Quantum Leaps
The most noticeable change in the Middle Eastern security landscape is the pace of change. “Three to four years ago, education was severely lacking,” Zeissig recalled. “Now, most of our channel partners can troubleshoot network issues.”

Honeywell has also witnessed something similar. “We only sell to the right integrators that are knowledgeable, IP-savvy and trained,” Yaghmour said. “End users are getting smarter; they know exactly what they want technically. You need to ensure absolutely seamless integration that optimizes your customers' investments and the value adds of your solutions. When your customers have faith in you, orders will keep rolling in from future referrals or projects.”

For manufacturers like Axis, training sessions are held at their academies or offices every month. “Regular hands-on practice makes it easier to converge,” al Akkad said. “While education is one of our strengths, it is also one of our challenges in continuing to drive the shift to and growth in IP. So, we also educate our partners to listen to user and market needs and feed back to the R&D team for more quality and reliable products.”

There are also niche players that fill in the missing pieces in the IP supply chain — another sign that the market is rapidly approaching maturity. “We specialize in storage and wireless transmission, as well as backhaul support for industrial controls and product testing,” said Aditya Sahaya, Director of Business Development for Prologix Distribution. “With more and more IP-based products and solutions being adopted, we have become the go-to guys in the region; we expect to grow at least 200 percent this year.” Since many decision makers are still analog-minded, Sahaya believes there is plenty of room for analog/IP coexistence and for everyone to grow.

While it is crucial to stay on top of product development and channel management at all times, William Ku, Director of Brand Business for Vivotek, would like to remind all that it is equally important to remain in touch with your end customers to provide proper project support across the ecosystem for the long haul, as “total buy-in.” Sahaya added that long-term support, financial soundness, reference/experience, geographical spread and commitment are also important qualities that set players of different calibers apart.

The Middle East is brimmed with opportunities and surprises. While the market dynamics and channel structure are not like the wild wild “east,” the region does demand every ounce of strength and dedication even from the best. What follows is how four multinational system integrators see the regional market and share their insights: Johnson Controls, Schneider Electronic, Siemens Building Technologies and UTC Fire & Security.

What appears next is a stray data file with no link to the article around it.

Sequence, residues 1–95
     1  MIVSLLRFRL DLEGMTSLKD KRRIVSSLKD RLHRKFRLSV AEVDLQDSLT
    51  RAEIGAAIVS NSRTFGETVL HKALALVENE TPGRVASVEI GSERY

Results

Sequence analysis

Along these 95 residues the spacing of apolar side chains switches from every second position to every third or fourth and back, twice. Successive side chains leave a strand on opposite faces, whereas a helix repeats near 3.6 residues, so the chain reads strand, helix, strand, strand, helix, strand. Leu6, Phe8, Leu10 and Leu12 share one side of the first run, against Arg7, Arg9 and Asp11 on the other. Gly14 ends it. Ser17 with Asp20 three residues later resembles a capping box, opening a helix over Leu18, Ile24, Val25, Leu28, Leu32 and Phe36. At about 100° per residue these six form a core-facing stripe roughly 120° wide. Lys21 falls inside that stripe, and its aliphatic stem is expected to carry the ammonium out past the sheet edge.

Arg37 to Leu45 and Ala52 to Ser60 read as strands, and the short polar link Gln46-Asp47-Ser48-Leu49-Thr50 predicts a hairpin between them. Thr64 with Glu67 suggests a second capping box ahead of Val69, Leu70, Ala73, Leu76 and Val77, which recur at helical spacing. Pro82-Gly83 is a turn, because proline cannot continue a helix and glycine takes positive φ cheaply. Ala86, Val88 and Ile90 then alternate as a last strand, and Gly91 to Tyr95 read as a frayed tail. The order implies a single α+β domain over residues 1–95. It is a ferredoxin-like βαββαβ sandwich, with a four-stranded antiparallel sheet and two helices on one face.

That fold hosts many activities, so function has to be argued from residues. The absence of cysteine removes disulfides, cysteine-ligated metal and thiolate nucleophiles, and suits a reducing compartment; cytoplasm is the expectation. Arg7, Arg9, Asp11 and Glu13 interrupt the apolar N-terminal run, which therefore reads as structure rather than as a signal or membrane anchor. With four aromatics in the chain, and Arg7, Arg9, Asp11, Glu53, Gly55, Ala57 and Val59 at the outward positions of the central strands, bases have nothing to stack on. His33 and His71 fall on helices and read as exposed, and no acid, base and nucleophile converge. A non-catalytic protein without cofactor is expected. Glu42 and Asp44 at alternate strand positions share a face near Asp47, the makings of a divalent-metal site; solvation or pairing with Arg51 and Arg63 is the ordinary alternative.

Converged Solutions Engage Security Personnel Ⅱ

Converged Solutions Engage Security Personnel Ⅱ

Editor / Provider: By a&s International | Updated: 3/8/2011 | Article type: Infrastructure

Technical Assistance
Maintaining public transit security usually falls to the system integrator who installed the system. “It is the responsibility of the system integrator to ensure the complete integration together with the customer approving it,” Anderson said. “Typically several pilot tests are made and finally an acceptance test and sign-off in these kinds of larger surveillance system projects.”

The integrator has to be on-call for mishaps such as failing cameras to full-blown crises. While the transit authority will have its own security force, equipment issues are generally handled by the installer. With such a range of situations, integrators need to have good communication skills for problems and challenges, Segall said

Experience is a definite plus. “VidSys looks for integrators with physical security and IT industry expertise and demonstrated client engagements across vertical markets, a particular technology or industry niche,” Fowler said.

Public-transit work is carried out by reliable system integrators, who are either global or local. “Through this cooperation we can guarantee the supply of reliable and high-quality ticket and card materials for mass transit systems and be certain that they operate in the system without interruptions,” said Samuli Str?mberg, VP of Marketing, RFID, UPM Raflatac.

While having a long resume helps, it must reflect positively on the integrator. The U.S. is UTC Fire & Security's main market for public transit, which is large but tight-knit. “The properties know what the other properties are doing,” Szmania said. “They hear the good things and the bad things about the systems. Your reputation is extremely important to your business.”